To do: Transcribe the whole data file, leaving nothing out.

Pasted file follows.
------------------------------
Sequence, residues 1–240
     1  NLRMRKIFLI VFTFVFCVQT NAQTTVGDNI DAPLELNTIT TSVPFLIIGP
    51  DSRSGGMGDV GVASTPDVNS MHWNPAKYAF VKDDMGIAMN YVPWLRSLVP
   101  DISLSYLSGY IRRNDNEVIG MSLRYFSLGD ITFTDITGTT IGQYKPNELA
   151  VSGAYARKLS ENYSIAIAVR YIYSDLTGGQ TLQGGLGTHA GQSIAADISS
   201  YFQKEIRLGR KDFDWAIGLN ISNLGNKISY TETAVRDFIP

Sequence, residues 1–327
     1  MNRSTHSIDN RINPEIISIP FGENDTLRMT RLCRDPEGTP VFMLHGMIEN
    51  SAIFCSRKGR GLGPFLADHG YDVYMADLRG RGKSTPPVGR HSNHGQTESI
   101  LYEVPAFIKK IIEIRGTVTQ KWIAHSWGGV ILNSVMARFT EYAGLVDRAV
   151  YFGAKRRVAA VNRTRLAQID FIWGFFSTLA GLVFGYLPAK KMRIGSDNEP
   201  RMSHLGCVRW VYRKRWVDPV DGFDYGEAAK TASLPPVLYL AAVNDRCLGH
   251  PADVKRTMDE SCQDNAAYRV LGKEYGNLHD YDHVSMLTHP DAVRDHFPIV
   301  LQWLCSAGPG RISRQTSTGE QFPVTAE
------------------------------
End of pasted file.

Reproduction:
Sequence, residues 1–240
     1  NLRMRKIFLI VFTFVFCVQT NAQTTVGDNI DAPLELNTIT TSVPFLIIGP
    51  DSRSGGMGDV GVASTPDVNS MHWNPAKYAF VKDDMGIAMN YVPWLRSLVP
   101  DISLSYLSGY IRRNDNEVIG MSLRYFSLGD ITFTDITGTT IGQYKPNELA
   151  VSGAYARKLS ENYSIAIAVR YIYSDLTGGQ TLQGGLGTHA GQSIAADISS
   201  YFQKEIRLGR KDFDWAIGLN ISNLGNKISY TETAVRDFIP

Sequence, residues 1–327
     1  MNRSTHSIDN RINPEIISIP FGENDTLRMT RLCRDPEGTP VFMLHGMIEN
    51  SAIFCSRKGR GLGPFLADHG YDVYMADLRG RGKSTPPVGR HSNHGQTESI
   101  LYEVPAFIKK IIEIRGTVTQ KWIAHSWGGV ILNSVMARFT EYAGLVDRAV
   151  YFGAKRRVAA VNRTRLAQID FIWGFFSTLA GLVFGYLPAK KMRIGSDNEP
   201  RMSHLGCVRW VYRKRWVDPV DGFDYGEAAK TASLPPVLYL AAVNDRCLGH
   251  PADVKRTMDE SCQDNAAYRV LGKEYGNLHD YDHVSMLTHP DAVRDHFPIV
   301  LQWLCSAGPG RISRQTSTGE QFPVTAE